It has taken a long time but, this week, Nighthawk Energy finally completed the sale of a minority stake in its highly prized Jolly Ranch oil and gas field in Colorado. The initial share reaction represented a huge thumbs down. But it looked a pretty good deal to me.
The group, with a stock market capitalisation of £122m, is one of the most actively traded shares on AIM.
Unlike Printing.com, the company I discussed last week, Nighthawk stock enjoys a heady turnover. More than one million shares a day is a frequent occurrence, while two or three million is not unusual. On the day of the Jolly deal, volume was nearly 22 million.
Build-up to the sale must have been a factor in the reaction. When David Bramhill, the group's managing director, revealed that sale talks were going on, the shares brushed 60p from a 20p year's low.
So astute short-term traders – and, perhaps, some City institutions that acquired shares at 20p in fund-raising placings – were tempted to cash in. In a few days the shares fell 20p to 40p – a far cry from the 116p once hit, but stockbroker Daniel Stewart is advocating a 102p target. The no pain, no gain portfolio alighted on the shares at 44p.
A Swiss-based, largely Italian-owned investment company called San Severina is buying the minority stake. It is paying nearly $11m each to Nighthawk and its 50 per cent US partner, Running Foxes, for a 20 per cent interest in the core 50,000 acres of the Jolly spread.
Twenty per cent options have been acquired on an additional 230,000 acres. If they are all exercised, the partners stand to collect an extra $29m each. They each retain 40 per cent interests.
The deal, negotiated when the crude oil price was nearer $40 a barrel rather than the current $60, puts a near $400m valuation on the spread. There is talk that an influential review could enhance the price tag even further.
The group's cash hunger should be satisfied, at least for some considerable time, although the cost of exploration is high.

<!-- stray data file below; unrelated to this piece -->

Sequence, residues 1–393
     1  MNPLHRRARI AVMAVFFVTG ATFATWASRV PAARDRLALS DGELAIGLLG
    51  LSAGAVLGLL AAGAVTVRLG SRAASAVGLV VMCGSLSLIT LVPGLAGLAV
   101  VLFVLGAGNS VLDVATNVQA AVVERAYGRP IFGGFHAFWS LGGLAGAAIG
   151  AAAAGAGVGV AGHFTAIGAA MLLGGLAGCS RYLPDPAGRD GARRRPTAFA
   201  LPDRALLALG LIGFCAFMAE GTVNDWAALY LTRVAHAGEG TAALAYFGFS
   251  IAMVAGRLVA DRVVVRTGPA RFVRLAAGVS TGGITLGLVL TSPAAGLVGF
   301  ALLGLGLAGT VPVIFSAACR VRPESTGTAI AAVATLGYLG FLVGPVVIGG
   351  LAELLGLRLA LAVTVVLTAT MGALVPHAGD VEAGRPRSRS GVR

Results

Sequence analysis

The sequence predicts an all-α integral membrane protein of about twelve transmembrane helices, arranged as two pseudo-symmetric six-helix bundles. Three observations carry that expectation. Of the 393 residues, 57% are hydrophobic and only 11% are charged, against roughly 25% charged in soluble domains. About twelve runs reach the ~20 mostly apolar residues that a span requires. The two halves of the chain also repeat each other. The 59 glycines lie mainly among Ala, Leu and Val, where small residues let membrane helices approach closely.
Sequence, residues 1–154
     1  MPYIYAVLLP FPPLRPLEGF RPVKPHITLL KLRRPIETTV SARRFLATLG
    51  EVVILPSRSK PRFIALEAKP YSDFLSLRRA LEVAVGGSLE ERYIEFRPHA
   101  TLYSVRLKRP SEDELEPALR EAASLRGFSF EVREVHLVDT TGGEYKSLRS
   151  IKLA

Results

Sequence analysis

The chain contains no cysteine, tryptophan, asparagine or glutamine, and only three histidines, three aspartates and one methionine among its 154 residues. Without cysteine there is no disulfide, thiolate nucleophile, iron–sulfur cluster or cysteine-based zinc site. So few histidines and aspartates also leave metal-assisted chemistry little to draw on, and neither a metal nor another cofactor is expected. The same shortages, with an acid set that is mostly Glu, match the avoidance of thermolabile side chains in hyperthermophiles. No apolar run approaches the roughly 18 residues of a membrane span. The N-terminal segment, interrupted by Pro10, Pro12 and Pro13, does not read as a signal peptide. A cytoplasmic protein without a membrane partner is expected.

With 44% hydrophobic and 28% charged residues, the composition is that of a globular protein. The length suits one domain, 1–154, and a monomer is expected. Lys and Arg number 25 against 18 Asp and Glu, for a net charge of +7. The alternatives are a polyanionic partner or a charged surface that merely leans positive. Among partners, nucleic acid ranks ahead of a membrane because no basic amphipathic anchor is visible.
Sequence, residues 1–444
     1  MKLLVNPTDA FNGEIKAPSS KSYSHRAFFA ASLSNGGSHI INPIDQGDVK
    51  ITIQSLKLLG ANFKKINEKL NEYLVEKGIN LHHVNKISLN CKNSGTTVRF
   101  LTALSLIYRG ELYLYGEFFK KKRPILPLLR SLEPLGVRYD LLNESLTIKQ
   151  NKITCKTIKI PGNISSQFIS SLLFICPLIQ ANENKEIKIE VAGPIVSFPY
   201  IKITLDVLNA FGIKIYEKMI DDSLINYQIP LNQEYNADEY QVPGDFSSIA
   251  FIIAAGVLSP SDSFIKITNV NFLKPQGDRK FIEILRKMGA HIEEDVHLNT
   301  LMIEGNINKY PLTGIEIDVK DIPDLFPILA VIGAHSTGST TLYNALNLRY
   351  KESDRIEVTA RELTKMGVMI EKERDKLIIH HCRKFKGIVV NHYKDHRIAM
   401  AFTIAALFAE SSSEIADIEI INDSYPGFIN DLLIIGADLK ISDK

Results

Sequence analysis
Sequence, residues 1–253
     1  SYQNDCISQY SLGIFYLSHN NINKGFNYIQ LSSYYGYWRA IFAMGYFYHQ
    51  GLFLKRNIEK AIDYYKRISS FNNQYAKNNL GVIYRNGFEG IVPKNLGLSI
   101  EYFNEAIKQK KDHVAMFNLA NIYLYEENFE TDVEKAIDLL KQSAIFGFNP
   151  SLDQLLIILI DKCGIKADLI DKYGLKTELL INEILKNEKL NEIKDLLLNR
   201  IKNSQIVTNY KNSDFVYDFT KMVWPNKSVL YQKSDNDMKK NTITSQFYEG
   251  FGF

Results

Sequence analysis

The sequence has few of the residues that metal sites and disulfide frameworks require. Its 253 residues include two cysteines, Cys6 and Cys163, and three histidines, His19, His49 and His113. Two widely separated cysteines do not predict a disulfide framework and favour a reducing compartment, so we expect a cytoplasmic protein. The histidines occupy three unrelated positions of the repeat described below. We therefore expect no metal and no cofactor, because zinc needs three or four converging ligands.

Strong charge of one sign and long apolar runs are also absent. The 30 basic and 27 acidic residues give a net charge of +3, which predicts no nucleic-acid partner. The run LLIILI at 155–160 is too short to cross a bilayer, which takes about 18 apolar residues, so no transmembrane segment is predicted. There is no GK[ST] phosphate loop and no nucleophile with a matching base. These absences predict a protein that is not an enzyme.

Leila Reddy, an analyst at Daniel Stewart, expects another loss this year but has predicted a small profit next year. With the options, the Jolly deal is worth 47p a share to Nighthawk. It also has around 5p cash a share. The US adventure could, therefore, be in the equation at near to zero. A 102p target price is far from outrageous.
Jolly is by some distance Nighthawk's biggest operation. It has half-a-dozen other US developments, some of which could be used to realise cash. Upgrades can be expected at two other fields and there is also talk of a US share listing. San Saverina has a joint operation with AIM-traded Ascent Resources, a largely European focused oil group. As a result, Ascent will acquire 4 per cent of Jolly.
Printing.com is another portfolio constituent showing a profit although, like Nighthawk, its shares are a long way below their peak of 75p. Monday's results proved the doubters wrong. Profits emerged at £2.06m – in line with expectations – and the year's dividend was increased 5 per cent to 3.15p a share.
In addition, £887,000 of its cash pile is now being used to pay a special dividend of 2p a share. Not surprisingly, the shares quickly moved back to 37p with 360,000 traded; something of an active session for what is normally a quiet performer.
The extra payment is a consequence of the rather somnolent share action. The group has a share buy-back scheme, although chairman George Hardie says buying "a material volume of shares has proved impractical due to lack of market liquidity". As the group is in a "position to return additional funds to shareholders" it decided to opt for the dividend bonus.
In these cash-strapped times such a policy is highly unusual. The already high yielding shares, with the 2p enhancement, now offer a return in the region of a staggering 16 per cent.
Certainly, Printing.com currently appears to be more than holding its own in a tough environment. Trading, although below the levels ruling for much of last year, is described as "stable". I expect profits this year to emerge near to those just announced.